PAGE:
US Port Deepening Fight Intensifies On Funding Worries

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WASHINGTON — US East Coast and Gulf coast ports are fighting for what some lawmakers and lobbyists fear will be a smaller pot of federal funding for their deepening projects — needing nearly $3 billion total — because of rising anti-trade rhetoric from the Trump administration.

Ports aiming to deepen their harbors to handle the larger ships able to traverse the expanded Panama Canal can tap state funding to get work going, like Savannah is doing now, but when and how much help they will get from the White House and congressional appropriators is far from certain. A lack or delay of federal funding could ultimately slow progress on projects aimed at allowing ports to handle fully-loaded ships with capacities of up to 14,000 twenty-foot-equivalent units.

Ports that aren’t able to allow ocean carriers to bring in larger ships risk being kept off service loops that favor ports than can. Carriers are bringing larger ships to call the East Coast after the expanded Panama Canal locks opened in June, but they have held off on deploying more large ships because only one marine terminal at the Port of New York and New Jersey can handle them.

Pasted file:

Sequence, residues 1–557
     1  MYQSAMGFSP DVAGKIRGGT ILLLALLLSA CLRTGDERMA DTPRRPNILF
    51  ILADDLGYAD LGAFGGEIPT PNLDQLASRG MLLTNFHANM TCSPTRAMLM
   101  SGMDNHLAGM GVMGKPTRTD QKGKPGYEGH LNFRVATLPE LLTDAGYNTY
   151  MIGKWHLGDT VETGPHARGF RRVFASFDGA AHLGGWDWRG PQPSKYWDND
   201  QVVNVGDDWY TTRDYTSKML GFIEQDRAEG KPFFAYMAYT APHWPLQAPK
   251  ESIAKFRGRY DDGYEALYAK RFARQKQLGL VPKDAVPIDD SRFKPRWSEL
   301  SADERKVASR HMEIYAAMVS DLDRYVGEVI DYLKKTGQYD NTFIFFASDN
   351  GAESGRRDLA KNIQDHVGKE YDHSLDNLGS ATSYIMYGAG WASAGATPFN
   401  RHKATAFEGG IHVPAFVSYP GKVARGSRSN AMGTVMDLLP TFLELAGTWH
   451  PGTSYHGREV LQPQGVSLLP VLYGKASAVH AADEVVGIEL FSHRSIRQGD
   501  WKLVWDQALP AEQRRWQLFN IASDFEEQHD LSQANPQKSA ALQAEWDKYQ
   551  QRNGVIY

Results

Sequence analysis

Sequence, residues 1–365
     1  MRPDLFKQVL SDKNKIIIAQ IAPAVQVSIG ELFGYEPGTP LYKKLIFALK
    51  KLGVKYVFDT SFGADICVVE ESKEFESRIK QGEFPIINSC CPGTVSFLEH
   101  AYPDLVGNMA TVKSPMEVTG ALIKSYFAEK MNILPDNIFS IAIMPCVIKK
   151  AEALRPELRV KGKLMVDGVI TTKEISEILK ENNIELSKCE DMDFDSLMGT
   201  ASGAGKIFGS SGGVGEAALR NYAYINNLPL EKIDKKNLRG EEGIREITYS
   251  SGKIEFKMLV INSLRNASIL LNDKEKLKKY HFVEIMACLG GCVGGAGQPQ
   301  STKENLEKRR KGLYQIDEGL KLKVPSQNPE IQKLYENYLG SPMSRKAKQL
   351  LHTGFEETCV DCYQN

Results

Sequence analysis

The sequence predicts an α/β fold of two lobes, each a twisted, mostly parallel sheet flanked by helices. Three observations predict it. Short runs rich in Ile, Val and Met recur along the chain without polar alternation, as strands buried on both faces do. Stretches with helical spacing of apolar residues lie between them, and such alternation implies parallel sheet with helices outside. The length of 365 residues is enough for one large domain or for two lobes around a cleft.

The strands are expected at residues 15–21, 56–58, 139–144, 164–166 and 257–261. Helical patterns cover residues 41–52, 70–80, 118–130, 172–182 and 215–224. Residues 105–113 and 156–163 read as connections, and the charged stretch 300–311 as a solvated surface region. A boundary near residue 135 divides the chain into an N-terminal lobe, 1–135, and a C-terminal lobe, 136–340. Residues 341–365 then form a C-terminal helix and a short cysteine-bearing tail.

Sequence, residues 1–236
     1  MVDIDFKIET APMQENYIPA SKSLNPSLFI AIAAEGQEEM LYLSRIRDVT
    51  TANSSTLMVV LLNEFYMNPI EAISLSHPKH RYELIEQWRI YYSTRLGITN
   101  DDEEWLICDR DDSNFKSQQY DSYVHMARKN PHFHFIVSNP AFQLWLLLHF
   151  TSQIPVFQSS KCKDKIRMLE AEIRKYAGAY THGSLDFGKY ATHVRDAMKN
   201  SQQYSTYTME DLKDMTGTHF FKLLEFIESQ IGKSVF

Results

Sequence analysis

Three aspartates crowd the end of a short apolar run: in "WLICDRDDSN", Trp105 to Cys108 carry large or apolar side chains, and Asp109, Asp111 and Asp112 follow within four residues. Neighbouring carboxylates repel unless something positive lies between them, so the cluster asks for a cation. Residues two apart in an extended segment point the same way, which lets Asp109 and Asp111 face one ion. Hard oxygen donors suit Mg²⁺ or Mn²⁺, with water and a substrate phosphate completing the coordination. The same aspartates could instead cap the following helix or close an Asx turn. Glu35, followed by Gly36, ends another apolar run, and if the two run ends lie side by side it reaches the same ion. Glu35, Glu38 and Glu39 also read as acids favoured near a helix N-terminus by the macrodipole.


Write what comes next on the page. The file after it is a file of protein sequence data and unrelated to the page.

Getting that money is a tall order when it requires finding a line item on either presidential proposals or congressional appropriators’ budgets—a critical step in order to get shovels in the ground. The Congressional Budget Act requires the president submit the fiscal 2018 budget to Congress by Feb. 6, this coming Monday.

In a leaked list detailing the Trump administration’s top 50 infrastructure priorities and obtained by the McClatchy news service, Savannah, once again, takes priority. It’s the only container port project listed. Harbor deepening projects at Boston, Charleston, Port Everglades, Freeport, and Jacksonville — already authorized — were not on the list.

They now join a list of other authorized projects awaiting appropriations, including harbor projects at the ports of Jacksonville, Boston, and Freeport which were authorized for federal funding in 2014.

Find the full text of the JOC article HERE.